Were you not born into a rich family? Never mind, your chances to become a billionaire have never been better.
Steven Kaplan and Joshua Rauh (both from the University of Chicago) conducted one of the less typical academic researches when they studied characteristics of the richest Americans. Using the Forbes ranking which lists the top 400 wealthiest individuals in the US economy, the authors explored three simple questions: whether wealth is self-made or inherited; in what industrial activities the firms of the rich operate and to what extent technology plays a role in their business activity; and whether the Forbes 400 members have graduated from college or not.
To provide a bigger picture, they analysed four years with approximately 10-year gaps between them. Starting with 1982 and finishing with 2011’s issue they described the dynamics of the changes. The study reveals that nowadays the Forbes 400 are more likely to run their own business rather than a business established by their ancestors. In 1982 only 40 percent of the Forbes 400 members started their own business, compared to almost 70 percent in 2011. The effect of family’s wealth has also become smaller within the group of self-made billionaires. While in 1982, roughly 60 percent of Forbes 400 members grew up in rich families, nowadays, it is only around 20 percent. Equally interestingly, the share of Forbes 400 members from poor families has remained constant, around 20 percent. The figure below provides more details.
The data further indicate increasing importance of education. In particular, the percentage of college graduates among the 400 richest businessmen has grown by 10 percentage points, to 87 percent. Similarly, the rate of dropouts has increased as well. Naturally, the number of those who did not attend college at all has decreased. Considering the industry of the businesses, there are several trends worth attention. In the last 20 years, retail, technology-based industries and financial firms (hedge funds, private equity) have become more represented in the Forbes 400, whereas real estate, energy and media have experienced a decline. Overall, the structure of Forbes 400 has changed dramatically since 1982 and the position of the wealthiest individuals seems to be more open for those with no business to inherit.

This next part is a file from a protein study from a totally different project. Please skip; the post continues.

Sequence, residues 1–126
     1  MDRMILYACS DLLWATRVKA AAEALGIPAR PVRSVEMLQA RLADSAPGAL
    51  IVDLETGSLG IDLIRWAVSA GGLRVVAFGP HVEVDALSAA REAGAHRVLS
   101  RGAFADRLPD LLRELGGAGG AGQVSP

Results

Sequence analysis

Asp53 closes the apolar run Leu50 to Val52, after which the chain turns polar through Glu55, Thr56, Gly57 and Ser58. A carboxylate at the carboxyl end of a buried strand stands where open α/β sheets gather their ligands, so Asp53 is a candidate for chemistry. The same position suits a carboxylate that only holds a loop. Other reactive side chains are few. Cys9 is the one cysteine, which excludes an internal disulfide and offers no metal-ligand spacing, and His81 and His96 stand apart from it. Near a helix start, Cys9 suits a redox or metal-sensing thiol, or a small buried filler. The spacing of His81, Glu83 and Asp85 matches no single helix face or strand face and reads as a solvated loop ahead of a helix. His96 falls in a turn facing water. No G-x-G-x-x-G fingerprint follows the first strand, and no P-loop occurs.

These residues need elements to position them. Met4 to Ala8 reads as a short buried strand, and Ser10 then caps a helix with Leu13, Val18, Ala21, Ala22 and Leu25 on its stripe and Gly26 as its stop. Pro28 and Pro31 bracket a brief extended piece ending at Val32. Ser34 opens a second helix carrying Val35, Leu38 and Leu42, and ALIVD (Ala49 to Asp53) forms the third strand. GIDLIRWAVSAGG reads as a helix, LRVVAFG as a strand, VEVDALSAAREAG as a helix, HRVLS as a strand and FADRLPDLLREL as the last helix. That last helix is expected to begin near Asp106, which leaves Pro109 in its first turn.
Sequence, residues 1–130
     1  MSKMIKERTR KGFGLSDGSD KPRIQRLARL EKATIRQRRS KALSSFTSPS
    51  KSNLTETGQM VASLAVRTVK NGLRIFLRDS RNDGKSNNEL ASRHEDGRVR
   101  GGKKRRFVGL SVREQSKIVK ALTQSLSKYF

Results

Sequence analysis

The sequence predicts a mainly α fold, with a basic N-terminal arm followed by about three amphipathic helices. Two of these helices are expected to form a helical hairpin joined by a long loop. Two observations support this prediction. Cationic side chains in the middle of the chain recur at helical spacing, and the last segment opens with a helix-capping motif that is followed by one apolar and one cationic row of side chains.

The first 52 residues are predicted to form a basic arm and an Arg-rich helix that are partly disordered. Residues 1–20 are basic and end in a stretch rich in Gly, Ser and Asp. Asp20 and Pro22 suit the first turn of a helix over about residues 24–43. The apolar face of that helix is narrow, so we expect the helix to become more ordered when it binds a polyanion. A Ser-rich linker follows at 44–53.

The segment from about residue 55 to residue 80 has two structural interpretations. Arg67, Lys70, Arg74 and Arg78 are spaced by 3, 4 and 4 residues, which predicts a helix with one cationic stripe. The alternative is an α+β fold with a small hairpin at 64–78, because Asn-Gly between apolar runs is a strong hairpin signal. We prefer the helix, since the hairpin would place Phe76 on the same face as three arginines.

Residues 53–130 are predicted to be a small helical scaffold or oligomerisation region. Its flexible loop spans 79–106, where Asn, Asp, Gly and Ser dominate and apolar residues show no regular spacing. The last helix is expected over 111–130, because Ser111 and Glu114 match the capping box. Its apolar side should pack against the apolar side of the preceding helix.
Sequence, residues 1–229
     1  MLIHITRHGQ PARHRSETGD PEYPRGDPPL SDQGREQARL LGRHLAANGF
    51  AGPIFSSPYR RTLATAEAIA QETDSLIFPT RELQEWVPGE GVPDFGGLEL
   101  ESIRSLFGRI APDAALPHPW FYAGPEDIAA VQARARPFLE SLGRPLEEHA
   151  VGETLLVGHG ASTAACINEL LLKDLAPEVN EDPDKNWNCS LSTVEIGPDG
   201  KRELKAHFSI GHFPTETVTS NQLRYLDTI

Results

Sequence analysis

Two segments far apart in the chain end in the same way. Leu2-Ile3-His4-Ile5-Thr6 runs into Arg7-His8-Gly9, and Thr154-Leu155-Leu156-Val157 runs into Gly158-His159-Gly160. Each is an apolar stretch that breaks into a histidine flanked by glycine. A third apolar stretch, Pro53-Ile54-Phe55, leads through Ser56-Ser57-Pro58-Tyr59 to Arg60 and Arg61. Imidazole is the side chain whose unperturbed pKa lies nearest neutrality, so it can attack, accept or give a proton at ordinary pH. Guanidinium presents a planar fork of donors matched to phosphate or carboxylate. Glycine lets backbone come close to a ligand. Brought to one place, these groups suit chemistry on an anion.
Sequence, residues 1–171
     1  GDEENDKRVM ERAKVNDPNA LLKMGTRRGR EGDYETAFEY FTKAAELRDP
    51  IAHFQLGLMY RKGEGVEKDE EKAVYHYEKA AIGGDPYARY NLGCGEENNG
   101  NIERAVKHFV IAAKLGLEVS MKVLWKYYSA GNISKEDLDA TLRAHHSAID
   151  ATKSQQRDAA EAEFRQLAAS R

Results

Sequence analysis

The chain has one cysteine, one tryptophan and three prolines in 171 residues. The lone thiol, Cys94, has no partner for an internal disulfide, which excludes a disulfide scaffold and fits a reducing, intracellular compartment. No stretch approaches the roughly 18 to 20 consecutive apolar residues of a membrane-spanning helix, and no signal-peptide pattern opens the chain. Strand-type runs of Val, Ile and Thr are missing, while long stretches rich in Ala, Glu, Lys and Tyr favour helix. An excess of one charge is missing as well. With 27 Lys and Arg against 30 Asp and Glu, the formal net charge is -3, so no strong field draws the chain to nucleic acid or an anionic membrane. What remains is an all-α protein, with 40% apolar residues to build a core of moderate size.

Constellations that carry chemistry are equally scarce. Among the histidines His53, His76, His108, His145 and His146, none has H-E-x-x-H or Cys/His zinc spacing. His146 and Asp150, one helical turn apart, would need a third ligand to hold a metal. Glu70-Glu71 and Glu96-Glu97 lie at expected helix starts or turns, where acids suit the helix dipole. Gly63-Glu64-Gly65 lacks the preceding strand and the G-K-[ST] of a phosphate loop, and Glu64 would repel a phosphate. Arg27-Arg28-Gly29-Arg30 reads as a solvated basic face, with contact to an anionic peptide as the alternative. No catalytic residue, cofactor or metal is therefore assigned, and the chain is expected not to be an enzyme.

Reference: Kaplan, S. N., & Rauh, J. D. (2013). Family, education, and sources of wealth among the richest Americans, 1982–2012. The American Economic Review, 103(3), 158-162. Available here.
And preferably one that doesn’t leave you
Already back in the early 60’s, David Gale and Lloyd Shapley constructed a matching algorithm which has become one of the crucial tools of modern market design. In particular, using examples of college admissions and stability of marriage, they presented a method how a market where money cannot serve as an allocation rule may reach a stable and pareto-optimal equilibrium. Other examples of such markets include organ donations, allocation of children to schools or assigning dorm rooms to college students.
Suppose the following example. There are women and men taking dancing lessons and before each lesson begins, they need to form dancing couples. Naturally, all participants will think about and compare the potential counterparts; they may even consider a list based on their preferences. As the authors prove mathematically, employing the Gale-Shapley (also called “deferred-acceptance”) procedure ensures that the solution to the problem, i.e. the couples that have formed, will be stable. By stable in this example we understand an allocation in which no two people of opposite sex would both rather have each other than their current partners, and thus will not switch partners given that their preferences do not change. After explaining the algorithm and its characteristics, the authors examine the optimality issue, which, however, is a more complex task and depends on a particular set-up of the problem.
The figure below shows an example of a stable outcome of the Gale-Shapley procedure based on the preferences of all 8 participants. The number for each pair represent the ranking of the counterpart among the four potential mates. As an example, the first cell – (1, 3) – tells us that A would be the first choice for alpha and alpha would be the third choice for A. Running the procedure yields the stable pairs whose preferences for each other are circled in the table. An interesting aspect of this particular outcome is that no participant was matched with his or her first choice. Nevertheless, the stability ensures that no participant could improve his situation while not leaving at least one other participant worse off. The results reached in this paper have had an enormously important impact on the future development of market design theory. Lloyd Shapley received a Nobel Prize in Economics in 2012 for this work and passed away in March this year; David Gale, who passed away in 2008, has not received the prize because it can only be awarded to living scientists.